What Is Military Discharge?
A military discharge is when a service member is released from their military service obligations. More than 200,000 U.S. service members leave the military each year.
Is Military Discharge the Same as Separation?
"Separation" from the military is a broad term that includes "discharge, release from active duty, release from custody and control of the military services, transfer to the Individual Ready Reserve, and similar changes in active or reserve status," according to the U.S. Department of Labor's Veterans' Employment and Training Service.
Separation can be voluntary or involuntary, and it can include disciplinary or punitive reasons.
Types of Military Discharge
When someone gets out of the military, they receive a separation document that certifies their military service and also indicates whether their service to the nation was completed satisfactorily. This document, the DD-214, usually lists the dates of service, any commendations or medals received, the reason for separation and the military's characterization of their service.
This characterization of one's military service is also known as the type of military discharge. It can be very important later in life to anyone wishing to receive federal or state veterans benefits or special considerations because of their military service. Most medical or disability discharges are characterized as honorable.
For most people, anything other than an honorable or general discharge is considered a "bad paper discharge," because that one piece of paper (the DD-214) can spell bad news for their future.
There are several main types of military discharges or separation characterizations:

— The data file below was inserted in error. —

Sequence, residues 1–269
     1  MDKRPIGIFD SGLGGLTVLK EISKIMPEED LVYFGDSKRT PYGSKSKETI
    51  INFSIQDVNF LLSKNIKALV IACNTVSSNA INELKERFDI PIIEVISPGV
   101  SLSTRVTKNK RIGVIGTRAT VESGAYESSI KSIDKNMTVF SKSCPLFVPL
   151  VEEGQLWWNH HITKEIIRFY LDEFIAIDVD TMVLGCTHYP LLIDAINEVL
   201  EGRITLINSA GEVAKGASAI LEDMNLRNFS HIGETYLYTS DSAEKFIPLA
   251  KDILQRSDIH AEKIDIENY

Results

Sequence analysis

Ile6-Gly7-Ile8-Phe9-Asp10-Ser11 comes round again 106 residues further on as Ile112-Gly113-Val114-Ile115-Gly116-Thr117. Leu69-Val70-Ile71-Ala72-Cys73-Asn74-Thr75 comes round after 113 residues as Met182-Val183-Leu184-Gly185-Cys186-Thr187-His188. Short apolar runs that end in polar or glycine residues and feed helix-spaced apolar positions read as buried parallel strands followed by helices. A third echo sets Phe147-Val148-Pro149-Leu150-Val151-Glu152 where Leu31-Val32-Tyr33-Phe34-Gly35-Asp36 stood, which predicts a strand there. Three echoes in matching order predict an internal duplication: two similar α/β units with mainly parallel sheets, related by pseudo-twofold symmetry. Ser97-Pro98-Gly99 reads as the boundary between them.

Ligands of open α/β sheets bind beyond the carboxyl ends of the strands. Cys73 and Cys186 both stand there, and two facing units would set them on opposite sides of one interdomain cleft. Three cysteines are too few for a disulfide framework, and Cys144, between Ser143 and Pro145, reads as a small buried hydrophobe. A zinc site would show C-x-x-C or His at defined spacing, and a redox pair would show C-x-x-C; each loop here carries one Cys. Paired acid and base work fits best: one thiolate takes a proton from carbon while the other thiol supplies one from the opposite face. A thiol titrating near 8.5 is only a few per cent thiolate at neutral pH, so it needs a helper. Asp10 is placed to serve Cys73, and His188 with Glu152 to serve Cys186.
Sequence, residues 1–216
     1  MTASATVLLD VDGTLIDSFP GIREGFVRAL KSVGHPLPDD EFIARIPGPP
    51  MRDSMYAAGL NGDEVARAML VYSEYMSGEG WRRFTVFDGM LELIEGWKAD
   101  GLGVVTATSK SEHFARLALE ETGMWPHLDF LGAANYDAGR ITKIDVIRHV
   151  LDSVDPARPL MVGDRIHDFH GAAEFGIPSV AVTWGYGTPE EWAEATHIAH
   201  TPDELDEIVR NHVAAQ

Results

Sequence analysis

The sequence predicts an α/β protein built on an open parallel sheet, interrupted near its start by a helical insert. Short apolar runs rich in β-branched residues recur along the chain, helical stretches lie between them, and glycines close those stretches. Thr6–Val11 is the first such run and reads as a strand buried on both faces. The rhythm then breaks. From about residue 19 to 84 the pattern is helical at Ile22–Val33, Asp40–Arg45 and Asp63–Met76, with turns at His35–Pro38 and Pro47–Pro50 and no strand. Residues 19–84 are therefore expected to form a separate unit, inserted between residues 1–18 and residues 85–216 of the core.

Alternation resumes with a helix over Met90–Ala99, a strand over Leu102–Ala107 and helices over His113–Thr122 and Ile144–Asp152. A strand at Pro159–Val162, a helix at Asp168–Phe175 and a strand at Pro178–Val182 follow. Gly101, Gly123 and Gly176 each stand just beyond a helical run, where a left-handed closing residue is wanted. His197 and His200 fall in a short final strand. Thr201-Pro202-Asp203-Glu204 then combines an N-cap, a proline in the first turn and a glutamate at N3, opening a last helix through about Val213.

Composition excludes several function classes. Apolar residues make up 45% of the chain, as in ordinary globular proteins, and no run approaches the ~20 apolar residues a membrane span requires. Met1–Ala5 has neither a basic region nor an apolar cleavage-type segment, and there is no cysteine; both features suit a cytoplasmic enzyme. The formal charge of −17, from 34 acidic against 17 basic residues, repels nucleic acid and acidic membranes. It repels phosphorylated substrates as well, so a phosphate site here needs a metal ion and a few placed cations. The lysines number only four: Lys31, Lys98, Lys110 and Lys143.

If you complete your military service or you're discharged early through no fault of your own, your characterization probably will be honorable. This is the type of discharge a person receives if they complete their contracted obligation with proper military behavior and proficient performance of duty. This includes not running afoul of the Uniform Code of Military Justice (UCMJ). This type of characterization usually doesn't affect future civilian employment negatively and entitles you to veteran benefit, if you otherwise qualify.
A general discharge means most of your service was OK, but some problems occurred. This is issued when a person shows a pattern of minor misconduct or fails to complete the original service contract. Oftentimes, the misconduct isn't serious enough to be a criminal offense in the civilian world, but it disrupts military discipline and order. This may also be given if the service member leaves the military for things such as physical readiness failure or parenthood. Usually, you're still entitled to many veteran benefits, but some employers may question you about why you "got fired" from the military.
Other Than Honorable (OTH) Discharge
Also known as a "bad paper discharge," an OTH discharge means you got "fired" from the military for doing something very bad and were probably lucky to escape a court-martial. An OTH is given when there is misconduct that could be considered a misdemeanor in the civilian world. These could include incidents such as drug use, fighting, abuse of position or disobeying an order. Veteran benefits usually are not authorized, and you may find it hard to get a good civilian job.